Kevin Hart (L) and his wife Eniko Parrish attend the premiere of "Jumanji: The Next Level" in December 2019. Hart has launched a screenwriting fellowship through his LOL company along with the Sundance Institute. File Photo by Jim Ruymen/UPI | License Photo
July 8 (UPI) -- Kevin Hart's comedy brand Laugh Out Loud has joined forces with the Sundance Institute to launch a screenwriting fellowship titled Women Write Now that seeks to amplify Black women in comedy.
The fellowship, which is taking submissions through Aug. 5, will offer a selected group of talented writers the chance to receive professional guidance from leading Black women in comedy and see their original screenplays produced by LOL Studios.
Black-ish writer Yamara Taylor is leading the fellowship, which also includes a two-week screenwriting lab.
Ten finalists will be invited to interview with a jury consisting of filmmakers, industry leaders and executives. Six writers from there will then be selected for the fellowship, receive a $10,000 stipend, a four-night trip to the 2022 Sundance Film Festival and a first-look deal with LOL Studios.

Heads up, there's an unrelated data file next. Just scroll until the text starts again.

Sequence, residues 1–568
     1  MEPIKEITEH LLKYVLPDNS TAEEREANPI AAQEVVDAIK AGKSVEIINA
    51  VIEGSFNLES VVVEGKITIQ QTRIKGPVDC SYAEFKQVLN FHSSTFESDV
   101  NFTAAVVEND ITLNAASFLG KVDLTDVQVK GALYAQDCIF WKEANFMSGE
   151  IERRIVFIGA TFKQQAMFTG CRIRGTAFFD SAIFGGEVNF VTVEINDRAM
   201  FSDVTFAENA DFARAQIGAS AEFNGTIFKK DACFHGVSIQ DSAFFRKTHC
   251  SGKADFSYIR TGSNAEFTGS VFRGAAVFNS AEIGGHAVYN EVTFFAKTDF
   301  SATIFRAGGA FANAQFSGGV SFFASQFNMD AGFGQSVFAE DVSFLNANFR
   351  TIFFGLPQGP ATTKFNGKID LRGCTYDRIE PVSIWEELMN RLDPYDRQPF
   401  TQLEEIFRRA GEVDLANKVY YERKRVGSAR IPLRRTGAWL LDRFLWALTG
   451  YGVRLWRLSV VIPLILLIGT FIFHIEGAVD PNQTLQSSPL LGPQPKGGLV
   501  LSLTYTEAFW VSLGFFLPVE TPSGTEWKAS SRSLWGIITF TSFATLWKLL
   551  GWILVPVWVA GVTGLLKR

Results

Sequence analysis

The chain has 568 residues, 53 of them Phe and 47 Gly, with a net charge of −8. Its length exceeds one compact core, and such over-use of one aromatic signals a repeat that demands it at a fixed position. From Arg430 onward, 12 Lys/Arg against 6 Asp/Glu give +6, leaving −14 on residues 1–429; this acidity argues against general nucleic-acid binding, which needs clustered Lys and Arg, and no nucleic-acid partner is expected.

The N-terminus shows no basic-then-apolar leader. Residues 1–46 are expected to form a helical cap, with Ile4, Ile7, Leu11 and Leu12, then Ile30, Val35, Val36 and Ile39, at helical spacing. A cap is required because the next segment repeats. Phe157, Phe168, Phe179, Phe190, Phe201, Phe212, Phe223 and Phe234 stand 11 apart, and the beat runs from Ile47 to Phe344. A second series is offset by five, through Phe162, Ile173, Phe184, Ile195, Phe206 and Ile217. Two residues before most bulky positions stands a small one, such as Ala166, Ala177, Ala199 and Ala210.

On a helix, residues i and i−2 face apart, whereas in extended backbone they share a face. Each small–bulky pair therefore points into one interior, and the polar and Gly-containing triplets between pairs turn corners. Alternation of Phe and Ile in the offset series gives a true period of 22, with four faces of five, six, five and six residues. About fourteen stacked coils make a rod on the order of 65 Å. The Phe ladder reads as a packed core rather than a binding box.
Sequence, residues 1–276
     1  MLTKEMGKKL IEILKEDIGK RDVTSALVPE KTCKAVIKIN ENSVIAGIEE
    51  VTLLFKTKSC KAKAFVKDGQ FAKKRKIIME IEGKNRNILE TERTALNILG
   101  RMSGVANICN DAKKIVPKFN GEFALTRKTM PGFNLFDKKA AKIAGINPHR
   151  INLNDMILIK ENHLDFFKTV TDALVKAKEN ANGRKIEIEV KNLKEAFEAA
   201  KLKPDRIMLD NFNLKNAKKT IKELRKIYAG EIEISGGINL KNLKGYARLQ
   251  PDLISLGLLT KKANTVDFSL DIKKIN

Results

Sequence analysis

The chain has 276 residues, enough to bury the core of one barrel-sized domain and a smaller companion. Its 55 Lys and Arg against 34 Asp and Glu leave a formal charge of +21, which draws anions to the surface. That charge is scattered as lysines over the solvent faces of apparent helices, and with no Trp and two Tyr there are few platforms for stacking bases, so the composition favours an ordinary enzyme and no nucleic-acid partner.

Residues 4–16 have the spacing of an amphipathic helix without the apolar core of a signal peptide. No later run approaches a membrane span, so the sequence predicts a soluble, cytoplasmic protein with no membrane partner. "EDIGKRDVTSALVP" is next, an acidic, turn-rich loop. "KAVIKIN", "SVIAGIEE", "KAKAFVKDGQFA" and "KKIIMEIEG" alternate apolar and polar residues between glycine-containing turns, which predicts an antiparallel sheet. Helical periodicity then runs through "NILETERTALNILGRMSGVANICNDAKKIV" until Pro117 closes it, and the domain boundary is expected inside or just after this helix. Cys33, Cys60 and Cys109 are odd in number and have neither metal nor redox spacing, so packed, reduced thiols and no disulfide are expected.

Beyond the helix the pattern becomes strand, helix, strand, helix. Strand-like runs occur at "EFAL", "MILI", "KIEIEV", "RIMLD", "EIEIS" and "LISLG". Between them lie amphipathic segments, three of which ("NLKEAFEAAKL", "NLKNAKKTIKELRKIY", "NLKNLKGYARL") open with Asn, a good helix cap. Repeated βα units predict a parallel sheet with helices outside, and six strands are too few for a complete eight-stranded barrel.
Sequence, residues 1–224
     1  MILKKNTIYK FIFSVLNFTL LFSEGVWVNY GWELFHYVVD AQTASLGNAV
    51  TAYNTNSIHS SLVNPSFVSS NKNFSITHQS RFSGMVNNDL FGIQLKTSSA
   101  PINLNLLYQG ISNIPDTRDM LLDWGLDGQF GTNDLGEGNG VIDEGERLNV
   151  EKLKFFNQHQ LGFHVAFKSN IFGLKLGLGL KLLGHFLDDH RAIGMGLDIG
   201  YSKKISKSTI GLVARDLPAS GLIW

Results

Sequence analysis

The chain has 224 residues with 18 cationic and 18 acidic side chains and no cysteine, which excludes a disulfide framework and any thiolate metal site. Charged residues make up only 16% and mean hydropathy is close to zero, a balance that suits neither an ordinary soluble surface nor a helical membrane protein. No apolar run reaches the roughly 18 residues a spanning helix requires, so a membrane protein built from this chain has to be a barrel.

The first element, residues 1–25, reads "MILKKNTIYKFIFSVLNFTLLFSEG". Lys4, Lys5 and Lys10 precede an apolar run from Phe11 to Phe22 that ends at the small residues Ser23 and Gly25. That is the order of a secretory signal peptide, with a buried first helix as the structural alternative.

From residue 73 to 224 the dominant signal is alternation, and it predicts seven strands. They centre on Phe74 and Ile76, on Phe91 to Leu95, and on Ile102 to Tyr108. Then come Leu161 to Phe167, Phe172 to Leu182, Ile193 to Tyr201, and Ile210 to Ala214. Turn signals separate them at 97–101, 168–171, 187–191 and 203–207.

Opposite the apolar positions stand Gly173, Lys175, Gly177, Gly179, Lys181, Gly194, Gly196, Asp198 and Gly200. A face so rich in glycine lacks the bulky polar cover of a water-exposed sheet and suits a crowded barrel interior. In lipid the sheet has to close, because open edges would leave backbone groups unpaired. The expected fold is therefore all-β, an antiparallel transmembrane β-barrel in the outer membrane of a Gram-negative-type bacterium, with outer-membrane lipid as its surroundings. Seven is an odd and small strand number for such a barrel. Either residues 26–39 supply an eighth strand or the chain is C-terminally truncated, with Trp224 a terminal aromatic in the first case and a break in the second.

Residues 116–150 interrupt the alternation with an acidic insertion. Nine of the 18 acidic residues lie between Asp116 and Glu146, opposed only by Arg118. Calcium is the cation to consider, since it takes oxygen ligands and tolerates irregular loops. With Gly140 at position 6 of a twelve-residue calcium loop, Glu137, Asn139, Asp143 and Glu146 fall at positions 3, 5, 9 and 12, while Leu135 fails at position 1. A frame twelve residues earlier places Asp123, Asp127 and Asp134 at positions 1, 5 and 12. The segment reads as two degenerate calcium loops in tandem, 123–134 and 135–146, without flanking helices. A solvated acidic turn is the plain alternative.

Selected screenplays will premiere during a private screening at the 2022 Sundance Film Festival with LOL Studios later distributing the projects across the LOL Network, which includes Peacock, Pluto TV, Tubi, Roku, Snap, YouTube, Facebook and more.
Meagan Good, Bresha Webb and Gabrielle Dennis will each direct a screenplay and turn it into a short film.
"Black women have contributed to some of the industry's most successful and innovative film and television content. Yet, opportunities for this group are still few and far between; especially in comedy. With Women Write Now, we're not just shining a light on a problem, but also illuminating a path to long-term solutions," LOL president and COO Thai Randolph said in a statement.
"This project is another in our mission to cultivate, empower, and amplify diverse talent both in front of and behind the camera. We're honored to partner with Sundance Institute to elevate the voices of talented Black women because we know that when you invest in women of color, it pays off in dividends," Randolph continued.